I’ll start with the short answer, first:

At somewhere in the neighborhood of $150-$200, yeah, the Universal Audio Volt 2 is probably worth it.

It’s a worthwhile option if you’re searching for an affordable audio interface for your home studio. The build quality is especially solid, the preamps are nice (and flexible, too), and the software bundle gives you everything you need to get going. Honestly, after spending a few days testing the device, I grew to really like this thing, and I couldn’t find too many drawbacks. As a result, I’ve added it to my list of the top budget USB audio interfaces.

That said, this is an entry-level device. At this price point, you won’t find the top-of-the-world preamps that are built into some of Universal Audio’s higher-end products, and you won’t get a ton of extra bells and whistles. But you will get a solid audio interface that, for many people, will more than get the job done.

You can get the Volt 2 on Amazon here. (Yes, that’s an affiliate link.)

All right, that’s the brief. If you’re thinking about getting one of these little guys for yourself, keep reading, and let’s get into some of the details.

The backstory on my review

First, I want to note that I was sent this product for free, with the expectation that I’d write a review of my experience. (Big thanks to the folks at Universal Audio and Glow Marketing for making that happen!) As you’ll hopefully see, I’ve tried to be as unbiased as possible in unpacking the performance of the device, but just for transparency’s sake, I think it’s important to offer that disclaimer from the outset.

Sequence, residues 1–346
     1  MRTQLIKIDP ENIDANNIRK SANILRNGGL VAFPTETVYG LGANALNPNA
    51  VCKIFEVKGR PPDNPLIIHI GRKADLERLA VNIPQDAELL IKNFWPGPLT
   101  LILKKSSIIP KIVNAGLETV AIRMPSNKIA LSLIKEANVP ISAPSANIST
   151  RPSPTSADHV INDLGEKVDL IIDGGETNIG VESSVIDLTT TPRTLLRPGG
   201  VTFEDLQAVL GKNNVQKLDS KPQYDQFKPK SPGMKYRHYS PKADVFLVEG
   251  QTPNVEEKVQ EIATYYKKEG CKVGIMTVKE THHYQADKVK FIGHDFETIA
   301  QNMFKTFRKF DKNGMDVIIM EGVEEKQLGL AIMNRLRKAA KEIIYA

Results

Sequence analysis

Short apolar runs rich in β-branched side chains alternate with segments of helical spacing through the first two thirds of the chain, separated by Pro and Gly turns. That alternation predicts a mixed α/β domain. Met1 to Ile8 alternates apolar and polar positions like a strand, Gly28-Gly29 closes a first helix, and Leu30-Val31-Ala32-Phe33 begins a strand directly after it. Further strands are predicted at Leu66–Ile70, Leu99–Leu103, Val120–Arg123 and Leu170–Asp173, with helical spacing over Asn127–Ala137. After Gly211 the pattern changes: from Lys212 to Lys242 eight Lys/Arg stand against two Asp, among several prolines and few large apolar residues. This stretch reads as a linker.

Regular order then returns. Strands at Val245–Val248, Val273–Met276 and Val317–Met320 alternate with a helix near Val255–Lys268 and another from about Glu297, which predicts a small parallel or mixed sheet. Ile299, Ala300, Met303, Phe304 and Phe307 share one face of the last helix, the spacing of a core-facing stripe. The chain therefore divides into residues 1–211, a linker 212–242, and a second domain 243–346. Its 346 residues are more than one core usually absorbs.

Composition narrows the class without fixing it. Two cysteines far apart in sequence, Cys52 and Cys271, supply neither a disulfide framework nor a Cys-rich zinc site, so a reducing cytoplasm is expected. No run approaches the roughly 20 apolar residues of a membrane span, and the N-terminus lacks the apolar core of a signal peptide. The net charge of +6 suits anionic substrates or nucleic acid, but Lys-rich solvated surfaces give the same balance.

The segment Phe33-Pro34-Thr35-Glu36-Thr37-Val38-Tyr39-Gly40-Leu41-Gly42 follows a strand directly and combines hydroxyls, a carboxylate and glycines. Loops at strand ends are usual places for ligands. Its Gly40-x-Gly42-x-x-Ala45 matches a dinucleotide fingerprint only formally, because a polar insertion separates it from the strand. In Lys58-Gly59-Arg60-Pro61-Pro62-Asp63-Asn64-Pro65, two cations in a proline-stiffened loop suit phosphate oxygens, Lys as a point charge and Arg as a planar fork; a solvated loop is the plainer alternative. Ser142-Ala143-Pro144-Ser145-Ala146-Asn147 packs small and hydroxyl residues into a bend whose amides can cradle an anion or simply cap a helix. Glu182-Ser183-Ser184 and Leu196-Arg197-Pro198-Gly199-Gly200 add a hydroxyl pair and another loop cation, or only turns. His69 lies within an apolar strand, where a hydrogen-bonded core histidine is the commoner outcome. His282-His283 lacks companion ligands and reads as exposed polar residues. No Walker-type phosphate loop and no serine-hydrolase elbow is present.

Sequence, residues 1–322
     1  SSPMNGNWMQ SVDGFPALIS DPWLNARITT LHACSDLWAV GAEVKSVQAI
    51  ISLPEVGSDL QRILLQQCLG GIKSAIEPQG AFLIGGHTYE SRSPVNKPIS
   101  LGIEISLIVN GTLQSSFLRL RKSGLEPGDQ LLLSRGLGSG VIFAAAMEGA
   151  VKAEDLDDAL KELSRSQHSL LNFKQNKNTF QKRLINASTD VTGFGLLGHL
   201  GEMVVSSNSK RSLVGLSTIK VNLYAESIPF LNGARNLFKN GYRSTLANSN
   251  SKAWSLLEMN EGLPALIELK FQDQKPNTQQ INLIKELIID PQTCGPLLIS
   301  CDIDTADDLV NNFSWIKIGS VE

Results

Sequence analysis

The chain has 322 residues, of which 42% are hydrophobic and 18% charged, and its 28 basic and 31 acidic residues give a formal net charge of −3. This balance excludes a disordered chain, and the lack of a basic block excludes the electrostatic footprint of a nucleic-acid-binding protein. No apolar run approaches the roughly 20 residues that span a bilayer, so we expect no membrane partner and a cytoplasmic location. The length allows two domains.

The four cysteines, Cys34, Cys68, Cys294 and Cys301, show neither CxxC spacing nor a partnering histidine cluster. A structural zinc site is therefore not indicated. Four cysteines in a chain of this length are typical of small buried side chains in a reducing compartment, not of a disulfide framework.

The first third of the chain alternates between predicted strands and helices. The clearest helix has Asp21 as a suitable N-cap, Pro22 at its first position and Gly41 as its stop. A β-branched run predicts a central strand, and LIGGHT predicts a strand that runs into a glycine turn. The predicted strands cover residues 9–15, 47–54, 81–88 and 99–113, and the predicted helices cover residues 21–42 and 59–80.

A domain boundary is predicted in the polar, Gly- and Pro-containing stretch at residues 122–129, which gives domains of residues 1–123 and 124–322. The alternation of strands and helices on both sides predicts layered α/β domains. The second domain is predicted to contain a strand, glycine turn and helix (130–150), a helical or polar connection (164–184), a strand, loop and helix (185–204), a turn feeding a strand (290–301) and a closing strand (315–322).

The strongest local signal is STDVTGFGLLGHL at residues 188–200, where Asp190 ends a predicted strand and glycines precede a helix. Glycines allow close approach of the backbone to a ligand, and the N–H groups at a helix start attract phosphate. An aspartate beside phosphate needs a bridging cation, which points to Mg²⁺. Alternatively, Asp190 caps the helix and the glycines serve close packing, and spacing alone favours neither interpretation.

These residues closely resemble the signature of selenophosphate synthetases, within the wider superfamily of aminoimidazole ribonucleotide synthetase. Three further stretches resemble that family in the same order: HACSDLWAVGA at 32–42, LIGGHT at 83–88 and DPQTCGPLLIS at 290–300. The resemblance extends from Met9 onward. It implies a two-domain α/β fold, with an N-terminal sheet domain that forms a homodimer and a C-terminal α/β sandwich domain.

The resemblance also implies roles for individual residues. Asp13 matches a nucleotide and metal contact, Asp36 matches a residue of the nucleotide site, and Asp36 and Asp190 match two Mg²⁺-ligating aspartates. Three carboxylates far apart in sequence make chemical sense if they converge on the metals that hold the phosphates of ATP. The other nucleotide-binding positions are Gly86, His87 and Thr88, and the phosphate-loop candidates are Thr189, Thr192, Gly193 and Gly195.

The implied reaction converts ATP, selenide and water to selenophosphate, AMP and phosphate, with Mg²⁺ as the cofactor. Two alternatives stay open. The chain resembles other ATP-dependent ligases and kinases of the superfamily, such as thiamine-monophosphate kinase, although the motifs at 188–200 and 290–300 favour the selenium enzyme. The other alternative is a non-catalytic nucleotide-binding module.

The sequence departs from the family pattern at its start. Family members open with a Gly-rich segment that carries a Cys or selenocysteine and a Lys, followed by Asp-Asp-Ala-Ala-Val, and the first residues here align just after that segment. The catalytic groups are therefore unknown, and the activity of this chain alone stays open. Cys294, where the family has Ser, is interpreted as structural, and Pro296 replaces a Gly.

Another note worth mentioning: Coincidentally, I’d been planning to record a couple of songs for my own project, and when I realized that I’d be receiving a few UA products, I decided to use my own music as a test case. In addition to this audio interface, UA also sent me two Sphere microphones (which I’ll be reviewing shortly); I ran those through the Volt 2 to track all of my guitars and vocals, and I was really pleased with the results. I’ll share some of those throughout the course of this review.

Okay, I think that’s all you need to know for now. Next, let’s take a quick look at the Volt 2’s features.

The Volt 2 features

I generally prefer to focus my reviews on the quality of a product and my experience with it, rather than on a list of features you can read about on the product page – but here’s the quick rundown of what you’re getting with the Volt 2:

  • Two preamps (with the option for “vintage” preamps)
  • XLR combo 1/4″ inputs
  • 48V phantom power
  • Two 1/4″ lines out (with monitor volume control)
  • A headphone jack (with volume control)
  • Midi in and out
  • 5V DC power
  • USB-C connectivity
  • 24-bit/192kHZ conversion

Here’s what the front looks like:

And then here’s the back of the device:

And with that feature set, it’s probably worth qualifying…

Who is this product for?

The Volt 2 is great for…The Volt 2 is not great for…
Basic home studiosRecording a full band
Two-person podcastsRecording drums
Mobile recording rigsPreamp snobs

This is probably best for a basic home studio setup or for a two-person podcast. There are two inputs, so this is not the audio interface you’re looking for if you’re trying to record a full band or a drum kit. But if you’re only ever recording two sounds at once – like, say, vocals and guitar – it’s pretty ideal.